day, we went into the Baldwin showroom (she was age 17 at the time) and when
she sat down at this Baldwin L, it was love at first sight, a love affair she
never let go.

 

P.S. The comments are worth reading, as well.

_______________________

 

(c) Copyright 2012, Robert D. Thomas. All rights reserved.
Portions may be quoted with attribution.

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Cleaning out the inbox, checking out other Blogs, etc.

By Robert D. Thomas

Music Critic

Pasadena Star-News/San Gabriel Valley Tribune/Whittier Daily
News

 

ON THE SMALL SCREEN

Orchestral music gets a healthy dose of television
prime-time exposure during the next week with three major programs scheduled on
some local public broadcast stations. They’ll also be streamed on the Web after
the telecasts.

 

At 5 p.m. on Dec. 31, PBSSoCal (formerly KOCE), will
telecast the “Live from Lincoln Center” New York Philharmonic New Year’s Eve
concert, which features music by George Gershwin and Leonard Bernstein under
the baton of Music Director Alan Gilbert. Pianist Jean-Yves Thibaudet will be
the soloist in Gershwin’s Rhapsody in
Blue
and Concerto in F. The orchestra will also play Bernstein’s Candide Overture and Symphonic Dances from West Side Story. Information: www.pbs.org

 

BTW: Thibaudet will join with the Los Angeles Philharmonic
at Walt Disney Concert Hall on January 5, 6, 7 and 8 as soloist in Liszt’s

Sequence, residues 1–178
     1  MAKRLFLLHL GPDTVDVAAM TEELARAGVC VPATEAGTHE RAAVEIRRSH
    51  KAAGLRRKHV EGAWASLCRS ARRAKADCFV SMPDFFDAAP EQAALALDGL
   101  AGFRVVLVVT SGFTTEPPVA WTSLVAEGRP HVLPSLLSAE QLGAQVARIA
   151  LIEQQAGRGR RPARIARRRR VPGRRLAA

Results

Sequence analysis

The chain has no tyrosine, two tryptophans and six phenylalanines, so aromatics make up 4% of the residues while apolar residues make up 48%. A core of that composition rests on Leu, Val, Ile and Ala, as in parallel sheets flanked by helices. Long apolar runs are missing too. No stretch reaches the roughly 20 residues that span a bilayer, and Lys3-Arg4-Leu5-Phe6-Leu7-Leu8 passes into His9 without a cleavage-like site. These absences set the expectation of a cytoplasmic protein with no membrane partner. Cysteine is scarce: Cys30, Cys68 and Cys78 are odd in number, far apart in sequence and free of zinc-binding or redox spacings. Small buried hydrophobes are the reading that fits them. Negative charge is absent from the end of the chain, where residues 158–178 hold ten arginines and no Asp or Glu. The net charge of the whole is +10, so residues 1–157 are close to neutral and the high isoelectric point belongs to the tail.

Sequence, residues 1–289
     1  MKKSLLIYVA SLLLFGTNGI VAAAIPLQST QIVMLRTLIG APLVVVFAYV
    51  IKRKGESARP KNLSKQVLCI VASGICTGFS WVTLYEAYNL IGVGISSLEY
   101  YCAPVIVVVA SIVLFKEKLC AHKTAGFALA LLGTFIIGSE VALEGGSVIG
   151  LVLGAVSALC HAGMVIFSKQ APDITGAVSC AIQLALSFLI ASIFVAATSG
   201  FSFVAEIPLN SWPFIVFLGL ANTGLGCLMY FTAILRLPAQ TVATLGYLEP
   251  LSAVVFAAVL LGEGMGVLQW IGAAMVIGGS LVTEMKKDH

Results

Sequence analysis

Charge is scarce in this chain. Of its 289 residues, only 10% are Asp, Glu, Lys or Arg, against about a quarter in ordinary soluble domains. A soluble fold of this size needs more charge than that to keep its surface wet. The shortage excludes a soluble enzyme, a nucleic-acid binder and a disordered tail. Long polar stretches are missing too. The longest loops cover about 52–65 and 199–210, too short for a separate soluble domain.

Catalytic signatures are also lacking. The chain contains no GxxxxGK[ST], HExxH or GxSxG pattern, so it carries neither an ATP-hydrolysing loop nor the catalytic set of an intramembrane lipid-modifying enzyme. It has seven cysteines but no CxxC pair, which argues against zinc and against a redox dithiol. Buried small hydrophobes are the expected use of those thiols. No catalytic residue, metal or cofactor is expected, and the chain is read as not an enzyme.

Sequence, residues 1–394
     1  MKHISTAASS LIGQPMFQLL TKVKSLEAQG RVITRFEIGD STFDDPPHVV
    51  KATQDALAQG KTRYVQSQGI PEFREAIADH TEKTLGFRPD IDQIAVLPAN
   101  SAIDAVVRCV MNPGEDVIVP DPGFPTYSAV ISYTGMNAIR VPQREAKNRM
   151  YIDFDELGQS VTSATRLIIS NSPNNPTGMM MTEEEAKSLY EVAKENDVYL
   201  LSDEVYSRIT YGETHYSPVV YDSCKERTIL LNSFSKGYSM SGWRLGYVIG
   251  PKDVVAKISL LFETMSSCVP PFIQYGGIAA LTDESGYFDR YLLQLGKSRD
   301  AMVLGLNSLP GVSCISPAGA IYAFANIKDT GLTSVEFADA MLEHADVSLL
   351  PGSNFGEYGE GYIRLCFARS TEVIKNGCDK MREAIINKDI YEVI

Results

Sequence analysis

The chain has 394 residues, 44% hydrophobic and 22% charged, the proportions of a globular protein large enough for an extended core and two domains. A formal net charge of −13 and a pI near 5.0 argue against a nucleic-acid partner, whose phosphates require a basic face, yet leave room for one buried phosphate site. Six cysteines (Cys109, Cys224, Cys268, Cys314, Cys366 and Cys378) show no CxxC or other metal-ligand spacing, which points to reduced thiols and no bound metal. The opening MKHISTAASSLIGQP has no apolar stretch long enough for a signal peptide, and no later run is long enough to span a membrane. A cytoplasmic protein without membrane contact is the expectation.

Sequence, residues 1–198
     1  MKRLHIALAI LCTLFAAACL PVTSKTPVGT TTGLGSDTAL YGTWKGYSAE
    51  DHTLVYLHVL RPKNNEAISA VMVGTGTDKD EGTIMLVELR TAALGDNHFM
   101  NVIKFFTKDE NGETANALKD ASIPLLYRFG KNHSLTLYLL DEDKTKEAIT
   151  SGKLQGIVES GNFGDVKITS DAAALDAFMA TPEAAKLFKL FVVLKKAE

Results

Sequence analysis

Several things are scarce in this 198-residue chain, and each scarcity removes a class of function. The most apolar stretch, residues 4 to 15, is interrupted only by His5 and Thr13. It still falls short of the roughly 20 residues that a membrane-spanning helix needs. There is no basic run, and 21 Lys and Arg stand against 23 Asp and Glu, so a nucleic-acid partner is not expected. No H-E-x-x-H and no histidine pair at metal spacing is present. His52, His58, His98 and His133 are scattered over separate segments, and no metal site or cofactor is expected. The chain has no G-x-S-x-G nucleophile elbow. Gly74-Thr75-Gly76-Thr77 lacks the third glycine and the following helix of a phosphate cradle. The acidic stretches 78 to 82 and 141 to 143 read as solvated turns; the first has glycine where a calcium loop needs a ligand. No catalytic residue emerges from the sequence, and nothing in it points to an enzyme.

Piano Concerto No. 2. Former LAPO Associate Conductor Miguel Harth-Bedoya will
also lead Dvorak’s Hussite Overture
and Saint-Sans’ Symphony No. 3 (Organ). There’s
an interesting tie, as John Henken writes in his program note for the symphony.
Saint-Sans dedicated the piece (which, in addition to its organ part, is
scored for piano four-hands) to Liszt, who died in 1886, the year the symphony
was composed. Information: www.laphil.com

 

On January 1 at 6 p.m., PBSSoCal will air the “Great Performances”
telecast of the Vienna Philharmonic’s annual New Year’s Concert. Mariss Jansons
will lead the orchestra in the city’s famed Musikverein with a frothy program
of music by the Strausses (Johann, Johann Sr. and Edward), Tchaikovsky and
others. Julie Andrews will be the host. Information
(with the complete program listing):
www.pbs.org

 

PBSSoCal comes back on January 6 at 9 p.m. with a “Great
Performances” telecast of the L.A. Phil’s gala concert that opened the
2011-2012 Disney Hall season last September. The program is all-Gershwin: An American in Paris and Rhapsody in Blue, with jazz legend
Herbie Hancock as the soloist. The TV schedule says that the program will also
include one of the two improvisations on Gershwin tunes (Someone to Watch Over Me) that Hancock performed in September.
Apparently the one-hour telecast will not include the Cuban Overture that opened the gala or the other improv (Embraceable You) that Hancock played
that night. Information: www.pbs.org

  

Following the concert telecast, PBSSoCal will repeat an
interview between Tavis Smiley and Dudamel.

 

DUDAMEL ON VINYL?

Norman Lebrecht is reporting on his Blog, Slipped Disc, (LINK) that Gustavo
Dudamel’s next recording on the Deutsche Grammophon label will be a vinyl
pressing, scheduled for release in May, of the Venezuelan maestro conducting